Mr. Roesler added that “our pizzas are made by hand, in-house, with local cheeses, tomatoes, and meats all sourced from around here.” All of which are fired in a wood oven, the smell of which will turn anyone into Pavlov’s dog.
Also, it’s important to remember that the difference between a local summer tomato and a store-bought one is greater than the difference between North and South Korea.
The man behind the magic is executive chef Jesse Badger. According to Mr. Roesler, “He opened a restaurant across the street from where I lived in Chicago.”
“When I’d leave my house at 4 a.m. I’d see him walking into that place, and when I got home at 7 p.m., he’d still be there. So I knew what his work ethic was, and he’s an encyclopedia of food knowledge.”
Mr. Badger said he grew up on a farm “in the middle of nowhere,” and went on to work at upscale restaurants in Chicago, France and Spain.
“For more than a decade,” he said, “I’ve been buying stuff from farms in communities like this and using it at my restaurants in the city.”
Even though he was buying produce from communities like Malone, he said “there was never a restaurant like this in the communities where the products come from.”
“That’s the type of place I grew up in,” he said, “so I wanted to do something where this could actually exist in the place where the products come from.”
As for what drew them to Malone, Mr. Roesler said, “the history of the place really spoke to us.”
This is a history, he explained, of a once-booming industrial town left abandoned and desolate by the very industry that bred it. It’s a history with which innumerable towns across the country are far too familiar, with songs like “Allentown” by Billy Joel and “Paradise” by John Prine springing to mind here.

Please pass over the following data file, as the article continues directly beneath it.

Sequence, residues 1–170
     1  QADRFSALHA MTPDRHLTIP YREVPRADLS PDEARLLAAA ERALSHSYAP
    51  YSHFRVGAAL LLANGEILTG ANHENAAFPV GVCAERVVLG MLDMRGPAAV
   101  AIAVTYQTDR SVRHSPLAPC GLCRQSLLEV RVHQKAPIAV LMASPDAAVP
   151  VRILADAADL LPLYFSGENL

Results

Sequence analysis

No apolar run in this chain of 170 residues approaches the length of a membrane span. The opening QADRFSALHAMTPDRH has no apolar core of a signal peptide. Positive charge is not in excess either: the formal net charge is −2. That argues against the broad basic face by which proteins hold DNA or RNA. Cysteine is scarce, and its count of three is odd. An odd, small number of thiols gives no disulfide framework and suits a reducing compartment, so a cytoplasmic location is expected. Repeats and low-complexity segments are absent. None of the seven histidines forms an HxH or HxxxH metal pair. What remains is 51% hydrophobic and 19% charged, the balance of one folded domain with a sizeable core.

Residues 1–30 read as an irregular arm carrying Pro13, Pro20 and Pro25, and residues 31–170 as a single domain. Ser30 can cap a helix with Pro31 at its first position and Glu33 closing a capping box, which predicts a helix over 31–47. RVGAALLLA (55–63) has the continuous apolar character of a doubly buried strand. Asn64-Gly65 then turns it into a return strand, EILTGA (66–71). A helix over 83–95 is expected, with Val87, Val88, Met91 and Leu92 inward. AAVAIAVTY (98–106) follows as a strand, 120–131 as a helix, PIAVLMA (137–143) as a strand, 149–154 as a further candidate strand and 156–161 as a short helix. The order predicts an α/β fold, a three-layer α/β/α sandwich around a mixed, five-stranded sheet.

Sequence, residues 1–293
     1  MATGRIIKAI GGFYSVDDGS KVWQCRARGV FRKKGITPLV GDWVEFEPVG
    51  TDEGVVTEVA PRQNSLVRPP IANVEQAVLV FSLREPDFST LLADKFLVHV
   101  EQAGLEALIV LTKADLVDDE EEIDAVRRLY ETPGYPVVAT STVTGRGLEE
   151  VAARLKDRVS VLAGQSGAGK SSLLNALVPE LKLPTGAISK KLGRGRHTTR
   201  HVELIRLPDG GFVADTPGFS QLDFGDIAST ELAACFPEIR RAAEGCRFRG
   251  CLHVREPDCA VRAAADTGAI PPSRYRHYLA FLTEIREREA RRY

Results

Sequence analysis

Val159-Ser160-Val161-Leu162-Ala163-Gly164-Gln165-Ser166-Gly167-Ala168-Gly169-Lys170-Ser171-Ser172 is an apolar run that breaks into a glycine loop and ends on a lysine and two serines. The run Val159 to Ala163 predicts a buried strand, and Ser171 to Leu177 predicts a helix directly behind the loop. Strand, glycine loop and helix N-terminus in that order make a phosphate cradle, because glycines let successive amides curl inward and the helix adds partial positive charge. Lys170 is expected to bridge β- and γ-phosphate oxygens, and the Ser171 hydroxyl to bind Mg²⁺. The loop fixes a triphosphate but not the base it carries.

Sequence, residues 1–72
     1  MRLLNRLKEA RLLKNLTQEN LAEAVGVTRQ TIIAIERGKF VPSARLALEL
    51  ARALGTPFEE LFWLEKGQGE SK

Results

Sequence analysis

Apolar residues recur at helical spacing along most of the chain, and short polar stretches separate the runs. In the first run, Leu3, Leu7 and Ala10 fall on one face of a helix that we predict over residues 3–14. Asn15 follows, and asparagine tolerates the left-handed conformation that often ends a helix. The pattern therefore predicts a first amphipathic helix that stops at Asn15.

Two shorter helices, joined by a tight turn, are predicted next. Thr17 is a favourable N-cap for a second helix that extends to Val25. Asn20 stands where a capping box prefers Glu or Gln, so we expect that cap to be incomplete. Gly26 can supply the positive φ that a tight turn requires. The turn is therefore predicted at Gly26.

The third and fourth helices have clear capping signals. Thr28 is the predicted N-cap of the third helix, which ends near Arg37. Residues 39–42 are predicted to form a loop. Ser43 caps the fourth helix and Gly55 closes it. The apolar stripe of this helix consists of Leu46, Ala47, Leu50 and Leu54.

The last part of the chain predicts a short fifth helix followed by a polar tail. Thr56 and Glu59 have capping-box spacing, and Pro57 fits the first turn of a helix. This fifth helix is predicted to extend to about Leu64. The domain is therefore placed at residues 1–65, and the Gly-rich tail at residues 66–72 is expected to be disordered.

Since “big industry is not coming back to small town America,” Mr. Roesler asked how he could utilize the resources and locale Malone has to offer in order to celebrate and make it somewhere people want to come to.
“We’ve got two great golf courses, Titus Mountain, and we’re in the foothills of the Adirondacks,” he said, “so there’s a lot to celebrate about this place.”
“It’s often a place that people travel to,” he said. “The question is, how do you make people stay?”
This seems like a question they’ve answered. Apart from the restaurant, they have plans next year to furnish the basement with a taproom featuring 32 taps of craft brews from across the north country. If that doesn’t make you want to stay, then perhaps nothing will.
Moreover, they are renovating the upstairs into an event space for weddings, meetings, presentations and whatever other large gatherings people may desire. Of course, food and beverage at such events will be catered by Hearth.
Tantalizingly, Mr. Roesler said there’s another upstairs space being refurbished “which will benefit the community as a whole, complete with food and beverage service,” the specifics of which will be announced soon.
Upstairs, there are also rental units currently available on Airbnb, with additional rooms underway. So, there’s no need to worry if you’ve had a tad too much fun at the bar or taproom.
Mr. Roesler explained, “If you want to make a place a destination, you have to give people options. Hearth of Malone gives another option for people to come to Malone and stay besides going elsewhere.”
After all, he said, “just because big business has left, doesn’t mean the people have to.”
To see Hearth of Malone for yourself, visit them at 403 East Main Street in Malone. Or, for more information, visit their website at www.hearthofmalone.com.